I never criticized my friends for putting on cosmetics or spending money on expensive haircuts or whatever. I actually sort of enjoyed watching them go through their rituals as we hung out in the dorm, listening to music and talking about what parties we were going to. I could understand the importance of ritual, of taking some kind of time to emotionally prepare for the transition from classes and books to weekend parties. I could see that my friends who were introverts especially needed this time. (In a case it's not obvious to anyone reading my blog – I am an extrovert.) I liked watching them brush their hair and try on clothes, giggling and crowding around the mirror. These rituals were beautiful and sensual. I could totally understand how some of my friends would enjoy the aesthetics of clothing choices – trying out textures and colors, holding silk blouses up to their skin, admiring the lines of a dress.

But the strange part was how often women would get upset at my refusal to put gunk on my face or wear shoes that hurt my lower back, like somehow I was betraying all women by refusing to do this stuff. That I was cheating somehow.

"It’s not fair," women would say to me back in these days of dating and parties. "You do nothing to improve your appearance. And yet men always find you attractive."

It took me a long time to get what these women were saying. Then I understood the rules, the mode of thinking. A woman who sacrifices time, money, and health for her appearance deserves male attention. Because male attention is the thing we are supposed to fight over. Something we are supposed to work hard to earn.

And even the Mommy Wars can be that sort of competition. If I am valued as a mother and a wife, shouldn't I get credit for sacrifices I make? If I stay home with my children, I should get points for sacrificing my career for my children. If I work full-time while raising children, I should get points for doing all that extra work in juggling both. No matter what I do, I need to compete with other women for some kind of external approval for the choices I make. That seems to be what the dominant culture is saying.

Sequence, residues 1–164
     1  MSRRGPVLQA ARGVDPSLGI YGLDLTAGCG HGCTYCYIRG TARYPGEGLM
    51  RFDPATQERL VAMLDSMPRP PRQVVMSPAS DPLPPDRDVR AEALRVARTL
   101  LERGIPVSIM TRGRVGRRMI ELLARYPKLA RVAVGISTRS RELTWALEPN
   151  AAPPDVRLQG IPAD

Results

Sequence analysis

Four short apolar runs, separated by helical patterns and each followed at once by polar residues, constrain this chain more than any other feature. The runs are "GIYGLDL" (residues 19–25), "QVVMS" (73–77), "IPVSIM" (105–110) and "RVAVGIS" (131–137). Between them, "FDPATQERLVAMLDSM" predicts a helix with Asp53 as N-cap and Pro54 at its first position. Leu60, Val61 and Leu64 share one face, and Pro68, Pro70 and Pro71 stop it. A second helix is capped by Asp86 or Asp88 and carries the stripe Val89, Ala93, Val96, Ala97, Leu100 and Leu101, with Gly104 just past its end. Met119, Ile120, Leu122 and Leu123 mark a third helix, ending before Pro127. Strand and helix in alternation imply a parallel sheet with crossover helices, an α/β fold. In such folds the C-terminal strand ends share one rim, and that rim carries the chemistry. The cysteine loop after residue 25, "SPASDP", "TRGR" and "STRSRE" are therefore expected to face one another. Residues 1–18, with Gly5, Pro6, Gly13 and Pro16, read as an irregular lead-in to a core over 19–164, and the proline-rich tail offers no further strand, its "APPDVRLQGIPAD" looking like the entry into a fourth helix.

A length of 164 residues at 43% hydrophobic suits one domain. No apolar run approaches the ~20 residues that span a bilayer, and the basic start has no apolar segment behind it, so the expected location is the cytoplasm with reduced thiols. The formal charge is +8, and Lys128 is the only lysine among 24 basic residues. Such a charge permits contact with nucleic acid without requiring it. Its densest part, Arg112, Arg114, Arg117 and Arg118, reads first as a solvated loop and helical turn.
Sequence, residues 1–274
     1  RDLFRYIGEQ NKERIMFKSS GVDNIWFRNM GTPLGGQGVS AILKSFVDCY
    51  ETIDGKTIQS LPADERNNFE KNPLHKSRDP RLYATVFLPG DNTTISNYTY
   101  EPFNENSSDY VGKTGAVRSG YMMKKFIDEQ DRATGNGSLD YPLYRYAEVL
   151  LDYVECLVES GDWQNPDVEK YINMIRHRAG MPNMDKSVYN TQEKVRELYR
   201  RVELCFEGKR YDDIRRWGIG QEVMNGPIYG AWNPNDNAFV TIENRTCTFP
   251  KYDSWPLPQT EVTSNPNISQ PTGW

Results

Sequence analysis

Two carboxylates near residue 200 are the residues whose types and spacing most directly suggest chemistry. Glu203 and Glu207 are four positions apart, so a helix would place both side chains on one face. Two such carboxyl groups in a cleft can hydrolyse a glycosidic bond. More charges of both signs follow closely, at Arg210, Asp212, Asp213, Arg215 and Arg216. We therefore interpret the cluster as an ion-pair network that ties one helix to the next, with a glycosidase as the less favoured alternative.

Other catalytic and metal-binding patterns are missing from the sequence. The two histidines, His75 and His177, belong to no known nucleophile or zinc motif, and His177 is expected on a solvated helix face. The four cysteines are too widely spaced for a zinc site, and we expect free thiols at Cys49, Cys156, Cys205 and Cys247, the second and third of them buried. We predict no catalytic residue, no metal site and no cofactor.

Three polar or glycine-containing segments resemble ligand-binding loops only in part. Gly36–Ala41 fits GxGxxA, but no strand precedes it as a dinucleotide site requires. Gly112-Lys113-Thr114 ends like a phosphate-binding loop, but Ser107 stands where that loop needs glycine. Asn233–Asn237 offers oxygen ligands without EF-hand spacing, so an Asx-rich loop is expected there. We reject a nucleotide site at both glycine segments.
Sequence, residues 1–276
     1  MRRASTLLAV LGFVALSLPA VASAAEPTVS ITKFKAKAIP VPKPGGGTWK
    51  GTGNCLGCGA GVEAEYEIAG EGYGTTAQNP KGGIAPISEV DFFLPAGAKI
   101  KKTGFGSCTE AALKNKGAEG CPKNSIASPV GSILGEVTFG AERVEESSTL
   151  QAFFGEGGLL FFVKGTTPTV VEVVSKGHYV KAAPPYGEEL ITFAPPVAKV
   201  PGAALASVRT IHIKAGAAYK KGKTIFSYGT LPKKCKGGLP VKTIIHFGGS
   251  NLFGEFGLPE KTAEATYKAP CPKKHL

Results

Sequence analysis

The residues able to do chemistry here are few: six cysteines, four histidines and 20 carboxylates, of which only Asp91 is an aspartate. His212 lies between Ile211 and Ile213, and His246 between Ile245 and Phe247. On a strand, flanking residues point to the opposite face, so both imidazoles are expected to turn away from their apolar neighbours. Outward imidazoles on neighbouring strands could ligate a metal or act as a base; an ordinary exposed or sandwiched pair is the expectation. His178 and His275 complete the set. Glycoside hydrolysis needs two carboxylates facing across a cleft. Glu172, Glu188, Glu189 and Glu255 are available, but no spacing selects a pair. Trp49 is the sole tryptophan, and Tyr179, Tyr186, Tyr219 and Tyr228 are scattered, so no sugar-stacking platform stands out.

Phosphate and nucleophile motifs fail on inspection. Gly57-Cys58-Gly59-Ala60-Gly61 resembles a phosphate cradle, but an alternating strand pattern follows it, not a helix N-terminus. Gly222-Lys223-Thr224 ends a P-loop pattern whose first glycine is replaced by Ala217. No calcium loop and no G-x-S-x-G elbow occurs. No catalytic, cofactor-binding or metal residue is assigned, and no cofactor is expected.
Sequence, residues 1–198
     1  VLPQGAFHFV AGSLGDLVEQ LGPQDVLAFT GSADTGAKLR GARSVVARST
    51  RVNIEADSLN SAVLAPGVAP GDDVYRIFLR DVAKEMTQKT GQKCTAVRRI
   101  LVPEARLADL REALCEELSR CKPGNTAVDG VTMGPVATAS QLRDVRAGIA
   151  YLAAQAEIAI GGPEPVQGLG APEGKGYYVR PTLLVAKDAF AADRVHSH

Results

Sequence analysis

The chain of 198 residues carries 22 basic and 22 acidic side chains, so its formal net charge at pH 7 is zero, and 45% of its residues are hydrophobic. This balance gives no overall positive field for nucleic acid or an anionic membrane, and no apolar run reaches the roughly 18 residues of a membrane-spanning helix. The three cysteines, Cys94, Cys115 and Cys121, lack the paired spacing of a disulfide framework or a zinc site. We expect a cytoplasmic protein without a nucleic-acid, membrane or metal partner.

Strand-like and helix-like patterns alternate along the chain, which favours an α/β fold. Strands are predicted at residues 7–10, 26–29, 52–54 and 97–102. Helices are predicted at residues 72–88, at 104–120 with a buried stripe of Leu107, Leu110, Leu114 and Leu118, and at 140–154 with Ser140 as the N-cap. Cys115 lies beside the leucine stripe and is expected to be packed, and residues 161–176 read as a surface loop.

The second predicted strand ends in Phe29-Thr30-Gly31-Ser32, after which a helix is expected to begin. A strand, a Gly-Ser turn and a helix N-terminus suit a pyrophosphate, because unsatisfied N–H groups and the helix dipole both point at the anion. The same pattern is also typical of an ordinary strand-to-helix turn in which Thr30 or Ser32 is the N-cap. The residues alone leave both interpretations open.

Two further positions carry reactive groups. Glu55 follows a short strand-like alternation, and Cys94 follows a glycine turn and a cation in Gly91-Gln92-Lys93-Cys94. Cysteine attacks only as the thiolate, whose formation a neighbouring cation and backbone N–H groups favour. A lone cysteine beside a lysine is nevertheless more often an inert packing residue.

Even the compliments I get make me cringe sometimes. Women will say to me, "Oh, that's great that you take belly dancing classes and snowboard and stay in such great shape for your husband." For your husband. Because yeah, that is the only reason I should dance and snowboard and feel good about my body. The assumption is that I do these things not for me, but for my husband. Ugh.

I hope things are different for the next generation.

I want my daughter to realize that she is smart and beautiful and wonderful. I want her to know that, to internalize it, to appreciate herself on a gut level so that she does not ever need external male approval. Whether she chooses to wear tattered jeans or fancy dresses, whether she chooses to have children or not, whether she chooses to be in a relationship or stay single, whether she cuts her hair herself or spends money at some fancy place, whether she pursues a higher degree or some other vocation – no matter what choices she makes for herself, I hope she understands that she does not need anyone’s approval. Even mine.

57 comments:

nannigia said...

I wished you were my father...:) just joking...No I love my father